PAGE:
"Is Nothing Sacred?" was released in 1992 by Surprise Video, compiling material from 1990-1991. The free booklet was written by Stewart Lee and Richard Herring. Havin' It Off: The Bonker's Guide was released in 1993. In 1996 FA to Fairplay was released on VHS, later reissued on DVD in 2005. Made specially for video, it provided an alternative look at the 1996 European football championship held in England.

The Ronald Reagan song "Da Do Run Ron" featured in a straight to video release called Rockin' Ronnie (1986), an otherwise unrelated compilation of movie clips released by ATI Video.

The first twelve series including An 11-disc set (containing the first 7 series broadcast 1984-89) have been released by Network Distributing under licence by ITV Studios, so far. Series 1-7 individual releases are now deleted .[30] DVD releases do not include any of the specials made.

DVD release dates

DVDDiscsYearEp. #Release Date
Region 2
Complete Series 1219841228 January 2008 [31]
Complete Series 2219851128 July 2008 [32]
Complete Series 3319861829 September 2008 [33]
Complete Series 41198763 November 2008 [34]
Complete Series 511988623 March 2009 [35]
Complete Series 611989511 May 2009 [36]
Complete Series 711989617 August 2009 [37]
Complete Series 811990619 October 2009 [38]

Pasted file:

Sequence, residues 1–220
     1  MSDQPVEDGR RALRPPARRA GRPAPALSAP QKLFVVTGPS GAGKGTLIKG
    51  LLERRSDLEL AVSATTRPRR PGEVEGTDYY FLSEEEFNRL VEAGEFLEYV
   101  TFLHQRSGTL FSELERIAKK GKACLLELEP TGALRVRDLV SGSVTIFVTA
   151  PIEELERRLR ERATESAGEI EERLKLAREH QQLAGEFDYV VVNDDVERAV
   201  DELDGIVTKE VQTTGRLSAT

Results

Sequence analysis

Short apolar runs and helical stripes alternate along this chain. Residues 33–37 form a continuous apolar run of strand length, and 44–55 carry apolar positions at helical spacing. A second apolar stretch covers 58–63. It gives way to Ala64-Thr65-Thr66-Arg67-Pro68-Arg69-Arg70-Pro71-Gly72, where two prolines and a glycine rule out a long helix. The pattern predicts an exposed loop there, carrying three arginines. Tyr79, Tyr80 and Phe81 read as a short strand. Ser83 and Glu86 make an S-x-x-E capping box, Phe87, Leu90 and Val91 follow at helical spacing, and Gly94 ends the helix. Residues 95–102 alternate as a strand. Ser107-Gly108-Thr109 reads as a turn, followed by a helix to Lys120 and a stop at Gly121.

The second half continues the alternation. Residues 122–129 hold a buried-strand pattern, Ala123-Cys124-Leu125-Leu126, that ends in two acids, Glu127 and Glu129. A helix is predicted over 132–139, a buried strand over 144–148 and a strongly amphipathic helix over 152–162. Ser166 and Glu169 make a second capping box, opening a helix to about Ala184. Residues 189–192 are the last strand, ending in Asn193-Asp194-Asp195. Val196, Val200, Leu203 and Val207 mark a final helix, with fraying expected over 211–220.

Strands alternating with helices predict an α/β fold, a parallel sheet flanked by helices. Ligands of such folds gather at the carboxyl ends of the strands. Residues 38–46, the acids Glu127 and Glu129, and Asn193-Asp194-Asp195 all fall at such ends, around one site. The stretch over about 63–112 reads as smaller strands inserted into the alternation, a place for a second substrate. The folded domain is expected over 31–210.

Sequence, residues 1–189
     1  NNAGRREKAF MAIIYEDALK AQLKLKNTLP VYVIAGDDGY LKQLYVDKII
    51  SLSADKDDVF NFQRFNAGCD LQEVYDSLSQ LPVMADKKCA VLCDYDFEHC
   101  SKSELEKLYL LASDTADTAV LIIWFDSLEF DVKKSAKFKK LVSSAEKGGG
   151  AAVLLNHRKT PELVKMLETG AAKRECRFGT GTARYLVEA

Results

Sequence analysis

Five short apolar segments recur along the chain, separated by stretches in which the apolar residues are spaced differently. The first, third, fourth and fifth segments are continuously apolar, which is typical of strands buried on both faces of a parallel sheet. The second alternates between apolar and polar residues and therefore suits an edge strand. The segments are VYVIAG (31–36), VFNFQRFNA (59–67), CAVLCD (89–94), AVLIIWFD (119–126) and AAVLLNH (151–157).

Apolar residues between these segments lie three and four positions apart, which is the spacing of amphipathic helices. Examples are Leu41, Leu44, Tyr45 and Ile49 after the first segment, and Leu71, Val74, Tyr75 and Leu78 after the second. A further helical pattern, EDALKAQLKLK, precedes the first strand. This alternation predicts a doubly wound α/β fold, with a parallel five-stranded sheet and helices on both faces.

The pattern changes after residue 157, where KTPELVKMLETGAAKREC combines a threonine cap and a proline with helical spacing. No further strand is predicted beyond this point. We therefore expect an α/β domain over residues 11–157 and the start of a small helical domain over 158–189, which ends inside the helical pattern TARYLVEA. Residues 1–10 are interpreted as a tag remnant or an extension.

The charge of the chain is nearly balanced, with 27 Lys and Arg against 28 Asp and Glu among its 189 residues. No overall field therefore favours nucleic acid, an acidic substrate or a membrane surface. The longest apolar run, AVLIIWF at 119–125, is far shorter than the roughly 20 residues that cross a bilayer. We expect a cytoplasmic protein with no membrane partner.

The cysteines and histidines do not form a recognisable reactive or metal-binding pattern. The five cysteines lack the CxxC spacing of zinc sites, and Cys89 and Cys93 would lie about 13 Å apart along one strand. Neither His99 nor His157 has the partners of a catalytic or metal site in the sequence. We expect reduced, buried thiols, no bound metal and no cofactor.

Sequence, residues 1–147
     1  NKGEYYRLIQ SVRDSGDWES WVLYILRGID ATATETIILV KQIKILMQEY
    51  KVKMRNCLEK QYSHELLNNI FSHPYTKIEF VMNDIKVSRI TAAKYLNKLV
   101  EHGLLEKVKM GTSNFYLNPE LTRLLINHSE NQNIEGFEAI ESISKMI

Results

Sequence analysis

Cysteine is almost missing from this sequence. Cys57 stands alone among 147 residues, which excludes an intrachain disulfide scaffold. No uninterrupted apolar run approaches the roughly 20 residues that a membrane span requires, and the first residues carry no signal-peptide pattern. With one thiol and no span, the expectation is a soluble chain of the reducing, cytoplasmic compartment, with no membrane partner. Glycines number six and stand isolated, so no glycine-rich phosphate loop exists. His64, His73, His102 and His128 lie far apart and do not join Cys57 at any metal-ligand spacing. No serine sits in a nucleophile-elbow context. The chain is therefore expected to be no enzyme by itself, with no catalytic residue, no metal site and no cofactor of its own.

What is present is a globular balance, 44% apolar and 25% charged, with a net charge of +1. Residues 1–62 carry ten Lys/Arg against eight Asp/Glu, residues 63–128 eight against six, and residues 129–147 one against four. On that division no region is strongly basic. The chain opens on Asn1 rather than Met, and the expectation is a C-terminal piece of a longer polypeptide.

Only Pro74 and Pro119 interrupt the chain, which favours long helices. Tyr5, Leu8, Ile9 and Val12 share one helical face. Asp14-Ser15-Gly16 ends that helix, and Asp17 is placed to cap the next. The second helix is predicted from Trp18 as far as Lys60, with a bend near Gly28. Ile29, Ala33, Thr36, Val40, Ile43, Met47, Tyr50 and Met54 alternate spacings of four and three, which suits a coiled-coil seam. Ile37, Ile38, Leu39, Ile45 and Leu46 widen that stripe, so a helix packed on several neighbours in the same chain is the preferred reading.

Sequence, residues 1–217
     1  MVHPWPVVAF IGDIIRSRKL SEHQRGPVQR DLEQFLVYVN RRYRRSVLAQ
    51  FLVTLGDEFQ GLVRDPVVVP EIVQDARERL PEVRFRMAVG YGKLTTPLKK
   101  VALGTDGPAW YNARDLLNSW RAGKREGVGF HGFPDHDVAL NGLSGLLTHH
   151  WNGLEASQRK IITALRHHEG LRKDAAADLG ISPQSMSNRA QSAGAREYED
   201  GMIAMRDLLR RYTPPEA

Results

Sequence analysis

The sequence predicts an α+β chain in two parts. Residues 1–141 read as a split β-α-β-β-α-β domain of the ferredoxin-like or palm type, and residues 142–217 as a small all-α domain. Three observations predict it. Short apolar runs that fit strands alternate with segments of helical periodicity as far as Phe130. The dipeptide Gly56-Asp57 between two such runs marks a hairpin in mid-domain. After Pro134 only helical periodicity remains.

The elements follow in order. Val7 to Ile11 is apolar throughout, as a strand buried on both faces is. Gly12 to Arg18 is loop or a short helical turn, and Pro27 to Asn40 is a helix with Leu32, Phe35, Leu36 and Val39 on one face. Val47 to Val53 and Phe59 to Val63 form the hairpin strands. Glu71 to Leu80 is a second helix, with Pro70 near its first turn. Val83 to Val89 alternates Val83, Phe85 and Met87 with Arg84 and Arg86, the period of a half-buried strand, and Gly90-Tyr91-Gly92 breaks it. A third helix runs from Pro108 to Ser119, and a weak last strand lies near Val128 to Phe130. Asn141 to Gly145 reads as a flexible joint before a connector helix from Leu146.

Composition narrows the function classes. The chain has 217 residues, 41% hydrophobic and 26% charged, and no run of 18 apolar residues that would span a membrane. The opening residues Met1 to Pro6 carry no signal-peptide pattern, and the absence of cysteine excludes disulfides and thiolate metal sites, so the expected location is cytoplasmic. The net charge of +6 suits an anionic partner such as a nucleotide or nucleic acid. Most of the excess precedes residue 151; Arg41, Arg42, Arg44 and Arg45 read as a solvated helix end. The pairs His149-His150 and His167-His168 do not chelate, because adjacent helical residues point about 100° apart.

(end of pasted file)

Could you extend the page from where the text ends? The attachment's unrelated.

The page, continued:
Complete Series 91199068 July 2013 [39]
Complete Series 1011991614 October 2013 [40]
Complete Series 111199161 June 2015 [41]
Complete Series 1211992615 August 2016 [42]
Complete Series 1–7111984–1989642 November 2009 [43]

Media adaptations

The show was adapted into a video game: Spitting Image and a comics magazine.

See also


  1. "British TV scoops Emmys". The Times. London. 26 November 1986. p. 11.
  2. "Spitting Image creator John Lloyd: 'Television lacks satire'". BBC. Retrieved 2 February 2015
  3. "Spitting Image". The Guardian. Retrieved 2 February 2015
  4. 1 2 "Ant and Dec stunt ends 'Spitting Image' return". Digital Spy. 17 November 2006.
  5. Nikkhah,, Roya (18 November 2012). "TV bosses rejected Spitting Image as 'kid's stuff' before hit show aired". The Telegraph.
  6. Jones, Mark. "Latex Lampoonery (Spitting Image Giveaway Special, Part 1)". Broken TV.
  7. "Interview: Steve Nallon #2 – 'Comedians are all lunatics'". Giggle Beats. 28 September 2013.
  8. 1 2 "Royal Family cut from TV satire". The Times. 25 February 1984. p. 3.
  9. "Spitting Image and Beyond". The World of Puppets.
  10. https://www.lambiek.net/artists/g/gillray_james.htm
  11. "Online sale for TV puppets". BBC News. 7 July 2000.